11. II. VII. System Of Government, note

Chapter II

The War Between Rome And Carthage Concerning Sicily

State Of Sicily

For upwards of a century the feud between the Carthaginians and the rulers of Syracuse had devastated the fair island of Sicily. On both sides the contest was carried on with the weapons of political proselytism, for, while Carthage kept up communications with the aristocratic-republican opposition in Syracuse, the Syracusan dynasts maintained relations with the national party in the Greek cities that had become tributary to Carthage. On both sides armies of mercenaries were employed to fight their battles--by Timoleon and Agathocles, as well as by the Phoenician generals. And as like means were employed on both sides, so the conflict had been waged on both with a disregard of honour and a perfidy unexampled in the history of the west. The Syracusans were the weaker party. In the peace of 440 Carthage had still limited her claims to the third of the island to the west of Heraclea Minoa and Himera, and had expressly recognized the hegemony of the Syracusans over all the cities to the eastward. The expulsion of Pyrrhus from Sicily and Italy (479) left by far the larger half of the island, and especially the important Agrigentum, in the hands of Carthage; the Syracusans retained nothing but Tauromenium and the south-east of the island.

Campanian Mercenaries

In the second great city on the east coast, Messana, a band of foreign soldiers had established themselves and held the city, independent alike of Syracusans and Carthaginians. These new rulers of Messana were Campanian mercenaries. The dissolute habits that had become prevalent among the Sabellians settled in and around Capua,(1) had made Campania in the fourth and fifth centuries--what Aetolia, Crete, and Laconia were afterwards--the universal recruiting field for princes and cities in search of mercenaries. The semi-culture that had been called into existence there by the Campanian Greeks, the barbaric luxury of life in Capua and the other Campanian cities, the political impotence to which the hegemony of Rome condemned them, while yet its rule was not so stern as wholly to withdraw from them the right of self-disposal--all tended to drive the youth of Campania in troops to the standards of the recruiting officers. As a matter of course, this wanton and unscrupulous selling of themselves here, as everywhere, brought in its train estrangement from their native land, habits of violence and military disorder, and indifference to the breach of their allegiance. These Campanians could see no reason why a band of mercenaries should not seize on their own behalf any city entrusted to their guardianship, provided only they were in a position to hold it--the Samnites had established their dominion in Capua itself, and the Lucanians in a succession of Greek cities, after a fashion not much more honourable.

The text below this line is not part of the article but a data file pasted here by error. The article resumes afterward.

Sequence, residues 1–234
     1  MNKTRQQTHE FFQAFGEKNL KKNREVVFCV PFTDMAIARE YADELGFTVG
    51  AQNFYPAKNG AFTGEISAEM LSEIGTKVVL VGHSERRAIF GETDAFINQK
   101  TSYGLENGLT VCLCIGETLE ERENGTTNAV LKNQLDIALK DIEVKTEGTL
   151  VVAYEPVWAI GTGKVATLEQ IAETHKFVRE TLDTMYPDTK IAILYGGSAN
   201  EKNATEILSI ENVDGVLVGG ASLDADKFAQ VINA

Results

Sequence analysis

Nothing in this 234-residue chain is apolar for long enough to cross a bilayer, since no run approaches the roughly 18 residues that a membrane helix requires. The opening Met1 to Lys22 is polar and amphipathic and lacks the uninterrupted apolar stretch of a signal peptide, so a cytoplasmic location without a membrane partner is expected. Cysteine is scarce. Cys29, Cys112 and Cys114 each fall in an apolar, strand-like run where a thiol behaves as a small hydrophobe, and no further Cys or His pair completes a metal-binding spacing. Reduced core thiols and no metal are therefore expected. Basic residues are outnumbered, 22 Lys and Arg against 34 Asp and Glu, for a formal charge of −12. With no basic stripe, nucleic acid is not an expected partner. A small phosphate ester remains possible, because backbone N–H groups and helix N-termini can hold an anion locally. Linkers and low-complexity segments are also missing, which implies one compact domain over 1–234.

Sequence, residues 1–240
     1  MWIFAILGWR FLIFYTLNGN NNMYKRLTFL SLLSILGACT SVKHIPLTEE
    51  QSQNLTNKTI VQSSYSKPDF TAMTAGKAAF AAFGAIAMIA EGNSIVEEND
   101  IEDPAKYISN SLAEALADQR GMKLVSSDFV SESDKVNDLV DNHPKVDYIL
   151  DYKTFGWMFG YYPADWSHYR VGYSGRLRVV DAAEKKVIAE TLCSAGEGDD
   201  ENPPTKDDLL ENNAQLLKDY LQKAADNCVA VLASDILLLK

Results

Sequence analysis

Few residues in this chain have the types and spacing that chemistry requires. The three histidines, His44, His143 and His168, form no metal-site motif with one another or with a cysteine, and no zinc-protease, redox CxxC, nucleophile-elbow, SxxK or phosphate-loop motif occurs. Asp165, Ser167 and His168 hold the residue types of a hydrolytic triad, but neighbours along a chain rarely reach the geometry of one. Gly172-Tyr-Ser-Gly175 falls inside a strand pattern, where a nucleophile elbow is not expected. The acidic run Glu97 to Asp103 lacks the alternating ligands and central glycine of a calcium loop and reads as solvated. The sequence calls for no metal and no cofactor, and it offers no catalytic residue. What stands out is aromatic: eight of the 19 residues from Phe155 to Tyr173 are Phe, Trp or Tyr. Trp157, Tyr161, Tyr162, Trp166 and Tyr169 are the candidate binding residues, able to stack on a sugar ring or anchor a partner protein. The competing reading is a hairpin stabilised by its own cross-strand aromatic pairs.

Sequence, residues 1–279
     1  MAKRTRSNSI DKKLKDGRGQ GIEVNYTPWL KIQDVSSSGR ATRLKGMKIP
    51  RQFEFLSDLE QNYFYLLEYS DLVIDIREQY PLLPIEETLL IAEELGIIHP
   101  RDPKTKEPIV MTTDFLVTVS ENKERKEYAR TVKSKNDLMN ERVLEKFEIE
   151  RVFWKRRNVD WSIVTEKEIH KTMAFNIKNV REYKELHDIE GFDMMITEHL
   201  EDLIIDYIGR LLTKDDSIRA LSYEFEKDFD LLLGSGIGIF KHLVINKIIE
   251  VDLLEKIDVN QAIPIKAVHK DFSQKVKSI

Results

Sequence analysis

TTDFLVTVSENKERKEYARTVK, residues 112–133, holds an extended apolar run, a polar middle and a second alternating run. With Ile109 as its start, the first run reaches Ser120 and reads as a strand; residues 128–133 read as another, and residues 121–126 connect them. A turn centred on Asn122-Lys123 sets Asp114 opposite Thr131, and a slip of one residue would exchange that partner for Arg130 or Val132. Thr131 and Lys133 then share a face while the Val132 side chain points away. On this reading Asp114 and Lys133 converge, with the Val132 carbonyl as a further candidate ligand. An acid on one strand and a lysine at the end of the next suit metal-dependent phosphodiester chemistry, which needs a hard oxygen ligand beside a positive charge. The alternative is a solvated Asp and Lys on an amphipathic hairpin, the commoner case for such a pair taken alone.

Mammertines